- Data Pipeline: stream processing is fitting here since it can transform and move data between systems continuously. As a result, the delay introduced into the data flow is minimized.
Kafka Streams API
Since Apache Kafka v0.10, the Kafka Streams API was introduced providing a library to write stream processing clients that are fully compatible with Kafka data pipeline. Compared with other stream processing frameworks, Kafka Streams API is only a light-weight Java library built on top of Kafka Producer and Consumer APIs. As a result, it is very easy to develop and deploy stream processing instances as normal Java applications without the need of any special configuration or set-up. Scaling is also easily done with Kafka Streams by simply starting other instances of the application with the same application ID. Moreover, Kafka Streams also inherits the concept of partitions from Kafka log structure and hence can support parallel computing on existing Kafka topics.
The first feature that makes Kafka Streams suitable for stream processing is its semantics of time. The event-time when something occurs and processing-time when the record of that event is processed is clearly distinguished in the concept of Kafka Streams. Depending on the use cases, different semantics of time can be used in stream processing logic. Local state store is supported by Kafka Streams as well for stateful operations. The persisted states can be easily queried locally using Interactive Queries. Interactive Queries also supports discovering remote state store in other running instances of the application. Based on that, developers have the flexibility to build a custom RPC layer to query the full state of the application.
Kafka Streams provides two different ways to implement the processing logic. The first way is to use low level Processor API from Kafka Streams to implement custom processors and have more control over processing and optimization. The second method is utilizing Streams Domain Specific Language (Streams DSL) which is based upon Processor API. Streams DSL provides many common operators for stream transformation such as mapping, filtering, aggregating, and joining which are ready to be used. Although it may limit the flexibility when defining the stream processing logic, it is very convenient in terms of reducing implementation time and effort.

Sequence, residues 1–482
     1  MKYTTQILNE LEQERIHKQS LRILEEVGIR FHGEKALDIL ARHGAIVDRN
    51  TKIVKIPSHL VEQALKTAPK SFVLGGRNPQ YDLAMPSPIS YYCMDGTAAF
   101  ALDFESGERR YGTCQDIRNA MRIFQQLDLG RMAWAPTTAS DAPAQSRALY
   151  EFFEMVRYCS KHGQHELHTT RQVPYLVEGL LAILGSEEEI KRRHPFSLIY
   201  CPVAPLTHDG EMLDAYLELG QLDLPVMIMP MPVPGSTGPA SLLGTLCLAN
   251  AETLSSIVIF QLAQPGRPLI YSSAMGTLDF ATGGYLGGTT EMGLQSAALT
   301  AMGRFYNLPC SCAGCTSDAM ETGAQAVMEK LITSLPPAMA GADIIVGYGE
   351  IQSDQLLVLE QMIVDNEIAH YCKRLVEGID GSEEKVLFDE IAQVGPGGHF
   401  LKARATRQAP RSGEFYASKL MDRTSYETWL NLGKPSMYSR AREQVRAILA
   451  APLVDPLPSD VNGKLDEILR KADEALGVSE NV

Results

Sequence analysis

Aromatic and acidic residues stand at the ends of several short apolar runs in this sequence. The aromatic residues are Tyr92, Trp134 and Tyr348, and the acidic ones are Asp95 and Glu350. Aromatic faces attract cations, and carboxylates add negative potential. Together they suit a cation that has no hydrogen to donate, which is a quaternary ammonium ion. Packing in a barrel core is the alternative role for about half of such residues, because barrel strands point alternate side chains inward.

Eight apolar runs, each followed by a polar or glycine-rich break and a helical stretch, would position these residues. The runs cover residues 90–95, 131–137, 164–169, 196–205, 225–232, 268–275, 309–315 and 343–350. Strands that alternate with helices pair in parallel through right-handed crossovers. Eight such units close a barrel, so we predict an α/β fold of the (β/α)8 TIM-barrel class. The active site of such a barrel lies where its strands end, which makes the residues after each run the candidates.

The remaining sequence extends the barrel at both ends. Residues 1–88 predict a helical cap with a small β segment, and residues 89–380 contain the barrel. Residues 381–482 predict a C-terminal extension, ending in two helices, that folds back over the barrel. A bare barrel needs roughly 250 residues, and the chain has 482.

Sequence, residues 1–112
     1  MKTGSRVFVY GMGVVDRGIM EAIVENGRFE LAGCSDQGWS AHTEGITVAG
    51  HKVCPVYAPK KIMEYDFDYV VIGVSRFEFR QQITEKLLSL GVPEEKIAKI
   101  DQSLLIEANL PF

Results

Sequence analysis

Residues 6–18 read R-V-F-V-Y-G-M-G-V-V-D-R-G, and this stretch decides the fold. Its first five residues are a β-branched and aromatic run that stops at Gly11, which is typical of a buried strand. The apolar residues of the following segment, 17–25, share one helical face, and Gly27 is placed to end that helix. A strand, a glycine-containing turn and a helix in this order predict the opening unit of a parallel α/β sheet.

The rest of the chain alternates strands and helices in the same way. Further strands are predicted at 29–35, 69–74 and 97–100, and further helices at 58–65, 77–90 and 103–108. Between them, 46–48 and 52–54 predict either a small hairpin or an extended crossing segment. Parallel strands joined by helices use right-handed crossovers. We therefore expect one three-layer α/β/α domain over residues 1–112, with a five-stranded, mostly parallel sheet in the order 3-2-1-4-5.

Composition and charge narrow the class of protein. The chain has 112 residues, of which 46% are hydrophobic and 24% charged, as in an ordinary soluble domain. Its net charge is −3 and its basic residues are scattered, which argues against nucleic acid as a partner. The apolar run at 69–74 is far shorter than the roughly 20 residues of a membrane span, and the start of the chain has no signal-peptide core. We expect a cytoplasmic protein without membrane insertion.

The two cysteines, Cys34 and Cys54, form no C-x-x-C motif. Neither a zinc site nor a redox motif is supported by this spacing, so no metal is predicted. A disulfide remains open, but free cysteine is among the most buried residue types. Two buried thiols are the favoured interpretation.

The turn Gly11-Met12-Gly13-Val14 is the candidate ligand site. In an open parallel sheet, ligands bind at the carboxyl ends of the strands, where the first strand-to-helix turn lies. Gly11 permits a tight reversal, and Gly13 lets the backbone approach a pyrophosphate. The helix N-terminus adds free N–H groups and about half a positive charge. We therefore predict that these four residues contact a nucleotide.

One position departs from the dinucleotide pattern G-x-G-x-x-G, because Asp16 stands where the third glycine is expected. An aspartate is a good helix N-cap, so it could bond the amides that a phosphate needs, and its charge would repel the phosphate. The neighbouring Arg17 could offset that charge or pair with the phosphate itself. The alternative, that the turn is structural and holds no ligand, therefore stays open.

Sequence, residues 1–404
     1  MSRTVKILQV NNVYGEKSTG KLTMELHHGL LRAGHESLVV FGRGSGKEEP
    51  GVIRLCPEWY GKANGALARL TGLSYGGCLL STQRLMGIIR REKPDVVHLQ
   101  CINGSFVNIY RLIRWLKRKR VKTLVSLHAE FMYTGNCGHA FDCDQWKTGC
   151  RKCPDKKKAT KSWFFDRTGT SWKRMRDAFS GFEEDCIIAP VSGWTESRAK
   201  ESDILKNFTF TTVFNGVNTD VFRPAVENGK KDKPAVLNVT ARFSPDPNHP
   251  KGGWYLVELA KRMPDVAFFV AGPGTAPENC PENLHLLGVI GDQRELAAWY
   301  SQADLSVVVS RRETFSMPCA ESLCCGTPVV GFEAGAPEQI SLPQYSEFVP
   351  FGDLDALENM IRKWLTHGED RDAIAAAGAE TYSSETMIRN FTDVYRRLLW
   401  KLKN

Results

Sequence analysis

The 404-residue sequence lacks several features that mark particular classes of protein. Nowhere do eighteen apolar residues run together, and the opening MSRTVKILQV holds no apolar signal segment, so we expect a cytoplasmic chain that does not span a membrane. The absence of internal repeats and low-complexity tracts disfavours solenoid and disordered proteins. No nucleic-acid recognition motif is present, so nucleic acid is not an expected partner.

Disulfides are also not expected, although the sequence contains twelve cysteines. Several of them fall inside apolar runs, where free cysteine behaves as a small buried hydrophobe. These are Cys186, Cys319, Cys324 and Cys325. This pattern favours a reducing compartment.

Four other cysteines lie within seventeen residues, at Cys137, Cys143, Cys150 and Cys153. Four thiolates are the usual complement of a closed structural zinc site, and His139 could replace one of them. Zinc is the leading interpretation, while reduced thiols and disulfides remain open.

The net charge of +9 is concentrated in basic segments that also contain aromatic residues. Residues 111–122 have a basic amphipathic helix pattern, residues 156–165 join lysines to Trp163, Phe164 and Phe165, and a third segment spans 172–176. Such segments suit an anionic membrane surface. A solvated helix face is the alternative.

To see how stream processors can be implemented with Kafka Streams, let’s consider a simple example. We want to construct a stream processing application to count the number of times a keyword is tweeted as hashtag to determine the current trend on Twitter. In this sample use case, tweets are fed as stream of records into a Kafka topic named “tweets” from Twitter with a Kafka connector. After that, with our stream processing application, each of these tweets is mapped to tuples of hashtagged keywords as keys. The tuples with the same keyword are grouped together and reduced into a record of their aggregated count. These counts are then published to another topic called “keyword-count” for other processors to listen to and do further analysis. In the diagram below, for better visualization and interpretation, the streaming application is depicted as two stages with separate nodes, namely, ‘map tweets to keywords’ and ‘group and count’. Nevertheless, keep in mind that nodes with same instance number are parts of a single application instance.
With Streams DSL from Kafka Streams, it is quite easy to implement the stream processing application for the map and reduce tasks by first configuring necessary properties and then building up the stream processing topology with StreamsBuilder.
Properties streamProps = new Properties(); //Configure properties of the processor
StreamsBuilder builder = new StreamsBuilder(); //StreamsBuilder is used to construct the stream topology when using Streams DSL